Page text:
Categories of Special Interest
Architectural, Artistic, Social
House of our Blessed Lady of Mercy
In Use As
1820 - 1860
Corner-sited nine-bay three-storey convent over basement, built 1824-7, having advanced end bays to front elevation with single-storey pavilions, three-storey returns and two-storey cloister and further single-storey blocks of 1858 to rear. U-plan hipped slate roof behind rendered parapet with granite coping, rendered chimneystacks with clay pots, and replacement uPVC rainwater goods to advanced end bays. Square-plan lantern to centre of roof at rear, with louvered round-headed openings and bracketed eaves. Rendered walls, with recessed panels and granite plinth course to front elevation. Square-headed window openings with rendered reveals, granite sills and two-over-two pane timber sliding sash windows, some to top floor of south elevation being bipartite, and round-headed window opening to south; with stained-glass windows to south, east and north elevations; some round-headed nine-over-nine pane windows to courtyard elevations of main block without fanlights; and margined one-over-one pane window with petal fanlight to rear of front block. Round-headed principal doorway with timber frieze and cornice, timber pilasters, spoked fanlight and four-panel timber door and sidelights, set within porch comprising Ionic columns and pilasters, entablature and dentillated pediment with carved cross finial, approached by granite platform with four bull-nosed granite steps and bronze statue of Catherine McCauley. Granite balustrade on carved granite plinth enclosing basement area to front; rendered walling to south having moulded granite coping. Interior has chapel to west end with three-bay nave, plastered painted walls, vaulted ceiling supported on rendered pilasters with scrolled brackets; and round-headed openings with rendered surrounds, rendered sills on corbels, and stained-glass windows; Telford pipe organ to gallery to north wall; and carved oak choir stalls. Stairs hall has tiled floor, timber open-string open-well staircase with turned timber balusters and ramped mahogany handrail, lit by round-headed window openings with timber pilasters and timber sash windows with stained-glass margins. First floor rooms have chimneypieces to north wall. Multiple-bay single and two-storey building of 1858 to rear of northwest end, having square-headed carriage-arch to centre, now in use as offices and accommodation, having pitched slate roof with cast-iron and replacement uPVC rainwater goods and carved stone cross to apex; rendered walls with rendered stringcourse, and with raised buttresses to south end and rubble limestone walls to north end; pointed-arch window openings with rendered reveals, granite sills and timber casement windows to south end; paired pointed-arch window openings with granite block-and-start surrounds, sloping granite sills and granite mullions to north end; Tudor-arch door opening with rendered reveals and timber double-leaf door with glazed overlight to south; and statue (1841) of Blessed Virgin Mary, and holy water stoup to south end. Further single-storey block to northeast, part rubble limestone and part rendered, latter slightly higher, having pitched slate roofs with cut stone copings having gable details and double-light pointed-head window openings with cut stone surrounds.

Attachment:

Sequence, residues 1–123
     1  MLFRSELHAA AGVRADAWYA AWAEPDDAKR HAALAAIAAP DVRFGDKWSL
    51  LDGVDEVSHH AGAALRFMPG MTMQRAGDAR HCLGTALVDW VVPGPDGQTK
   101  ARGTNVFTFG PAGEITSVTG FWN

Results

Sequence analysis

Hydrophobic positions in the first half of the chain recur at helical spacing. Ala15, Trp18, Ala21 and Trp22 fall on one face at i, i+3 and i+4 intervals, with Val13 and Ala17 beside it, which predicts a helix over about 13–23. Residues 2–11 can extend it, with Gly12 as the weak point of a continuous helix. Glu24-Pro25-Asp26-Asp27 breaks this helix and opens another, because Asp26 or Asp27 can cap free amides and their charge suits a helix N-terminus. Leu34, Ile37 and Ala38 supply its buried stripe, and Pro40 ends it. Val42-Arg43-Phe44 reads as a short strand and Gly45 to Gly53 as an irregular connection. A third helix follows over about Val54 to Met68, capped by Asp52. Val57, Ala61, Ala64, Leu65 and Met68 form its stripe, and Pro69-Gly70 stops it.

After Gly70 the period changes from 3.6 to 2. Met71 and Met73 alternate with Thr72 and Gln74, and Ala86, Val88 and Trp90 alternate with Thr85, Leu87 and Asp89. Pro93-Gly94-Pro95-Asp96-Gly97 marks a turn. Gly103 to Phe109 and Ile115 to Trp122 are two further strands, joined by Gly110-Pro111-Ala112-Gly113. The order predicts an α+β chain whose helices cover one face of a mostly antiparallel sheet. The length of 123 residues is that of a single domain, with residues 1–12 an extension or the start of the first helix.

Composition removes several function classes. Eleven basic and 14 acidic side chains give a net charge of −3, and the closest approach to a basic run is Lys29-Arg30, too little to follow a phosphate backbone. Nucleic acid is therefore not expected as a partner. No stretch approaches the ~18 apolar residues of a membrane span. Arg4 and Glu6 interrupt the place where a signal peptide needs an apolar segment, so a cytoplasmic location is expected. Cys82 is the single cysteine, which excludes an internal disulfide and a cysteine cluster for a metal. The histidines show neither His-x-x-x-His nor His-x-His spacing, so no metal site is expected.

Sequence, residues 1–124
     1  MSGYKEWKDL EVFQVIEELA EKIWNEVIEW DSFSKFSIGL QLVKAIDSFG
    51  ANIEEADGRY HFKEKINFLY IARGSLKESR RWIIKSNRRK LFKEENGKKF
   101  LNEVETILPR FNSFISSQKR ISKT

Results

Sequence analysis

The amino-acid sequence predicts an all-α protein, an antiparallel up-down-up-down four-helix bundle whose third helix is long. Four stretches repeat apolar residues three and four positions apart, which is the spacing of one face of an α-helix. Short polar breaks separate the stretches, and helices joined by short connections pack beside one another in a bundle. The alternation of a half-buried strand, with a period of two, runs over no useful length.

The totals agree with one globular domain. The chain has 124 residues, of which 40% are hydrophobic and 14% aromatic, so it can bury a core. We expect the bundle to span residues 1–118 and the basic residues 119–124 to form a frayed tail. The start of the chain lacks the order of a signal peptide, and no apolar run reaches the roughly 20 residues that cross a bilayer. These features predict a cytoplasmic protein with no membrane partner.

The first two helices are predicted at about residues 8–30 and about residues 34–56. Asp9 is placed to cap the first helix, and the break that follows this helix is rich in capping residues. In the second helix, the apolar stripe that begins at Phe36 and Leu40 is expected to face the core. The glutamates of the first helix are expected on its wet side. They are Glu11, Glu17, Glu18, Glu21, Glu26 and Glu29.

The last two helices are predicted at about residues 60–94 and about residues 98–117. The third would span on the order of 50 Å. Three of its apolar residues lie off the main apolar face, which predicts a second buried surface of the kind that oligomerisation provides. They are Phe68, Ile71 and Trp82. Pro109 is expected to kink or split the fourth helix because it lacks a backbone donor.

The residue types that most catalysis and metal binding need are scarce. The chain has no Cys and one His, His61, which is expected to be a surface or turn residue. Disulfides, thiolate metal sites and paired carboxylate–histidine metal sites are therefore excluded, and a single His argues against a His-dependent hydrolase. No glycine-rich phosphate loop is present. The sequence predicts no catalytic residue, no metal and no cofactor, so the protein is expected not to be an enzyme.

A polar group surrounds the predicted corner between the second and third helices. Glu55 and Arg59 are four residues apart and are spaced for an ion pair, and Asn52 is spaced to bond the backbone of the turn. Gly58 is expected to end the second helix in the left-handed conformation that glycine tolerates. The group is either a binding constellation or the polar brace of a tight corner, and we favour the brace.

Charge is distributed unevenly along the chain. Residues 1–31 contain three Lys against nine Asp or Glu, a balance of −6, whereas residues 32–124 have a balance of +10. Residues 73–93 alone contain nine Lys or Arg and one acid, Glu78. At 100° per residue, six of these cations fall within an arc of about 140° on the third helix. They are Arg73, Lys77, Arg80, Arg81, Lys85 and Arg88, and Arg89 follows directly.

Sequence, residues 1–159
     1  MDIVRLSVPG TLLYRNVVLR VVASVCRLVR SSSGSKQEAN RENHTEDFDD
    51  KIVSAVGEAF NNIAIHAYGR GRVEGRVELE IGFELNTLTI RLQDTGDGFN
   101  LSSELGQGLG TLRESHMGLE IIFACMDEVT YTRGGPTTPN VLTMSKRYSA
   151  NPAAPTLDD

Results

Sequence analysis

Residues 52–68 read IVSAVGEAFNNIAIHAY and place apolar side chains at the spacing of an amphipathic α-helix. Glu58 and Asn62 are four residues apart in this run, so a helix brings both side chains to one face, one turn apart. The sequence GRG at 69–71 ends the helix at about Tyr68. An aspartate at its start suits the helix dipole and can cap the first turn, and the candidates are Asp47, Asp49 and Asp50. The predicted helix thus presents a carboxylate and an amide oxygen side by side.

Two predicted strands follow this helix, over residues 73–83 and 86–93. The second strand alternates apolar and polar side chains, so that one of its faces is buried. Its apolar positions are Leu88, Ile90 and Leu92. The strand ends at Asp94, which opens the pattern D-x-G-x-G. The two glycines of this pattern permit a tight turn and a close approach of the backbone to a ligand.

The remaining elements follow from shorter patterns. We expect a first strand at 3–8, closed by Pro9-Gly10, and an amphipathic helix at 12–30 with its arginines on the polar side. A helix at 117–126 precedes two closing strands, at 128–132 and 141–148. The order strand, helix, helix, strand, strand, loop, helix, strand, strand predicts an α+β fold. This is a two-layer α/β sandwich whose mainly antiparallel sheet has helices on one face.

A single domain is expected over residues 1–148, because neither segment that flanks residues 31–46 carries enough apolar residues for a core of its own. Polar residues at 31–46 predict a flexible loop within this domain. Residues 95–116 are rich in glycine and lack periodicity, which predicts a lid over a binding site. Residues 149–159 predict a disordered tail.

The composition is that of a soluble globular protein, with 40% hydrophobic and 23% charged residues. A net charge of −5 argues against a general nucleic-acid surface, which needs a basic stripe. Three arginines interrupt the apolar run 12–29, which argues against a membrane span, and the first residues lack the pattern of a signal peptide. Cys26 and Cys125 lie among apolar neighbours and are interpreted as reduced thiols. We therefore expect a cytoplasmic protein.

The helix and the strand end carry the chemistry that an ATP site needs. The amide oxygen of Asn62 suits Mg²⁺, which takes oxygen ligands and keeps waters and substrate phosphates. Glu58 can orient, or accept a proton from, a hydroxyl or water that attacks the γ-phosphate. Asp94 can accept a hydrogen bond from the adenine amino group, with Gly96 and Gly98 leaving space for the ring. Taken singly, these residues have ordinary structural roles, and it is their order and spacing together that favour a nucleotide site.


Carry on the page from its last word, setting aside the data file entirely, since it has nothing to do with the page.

The Convent of Mercy, now the Mercy International Centre, was designed by John B. Keane for Catherine MacAuley, founder of the Sisters of Mercy. It housed a school, chapel and refuge for distressed women. Reflecting its function the building is austere in design, with exterior ornamentation limited to the pedimented porch. The rendered facades contrast with the brick terraces flanking it on the street. However, its granite balustraded entrance plinth and bronze statue of Catherine McCauley provide additional exterior features of interest. The interior of the chapel has stained glass by John Casey and Earley and Co. An unusual open-well staircase, with bell ropes, survives in hall. The rear is enclosed by two tall wings forming the sides of a cloister, with a mortuary chapel dedicated to MacAuley at the centre. The complex is located on Baggot Street, one of the ancient routeways out of the city of Dublin, named for Robert Baggot a local landowner. It was developed in the late eighteenth and early nineteenth centuries as part of the eastward expansion of the Georgian city.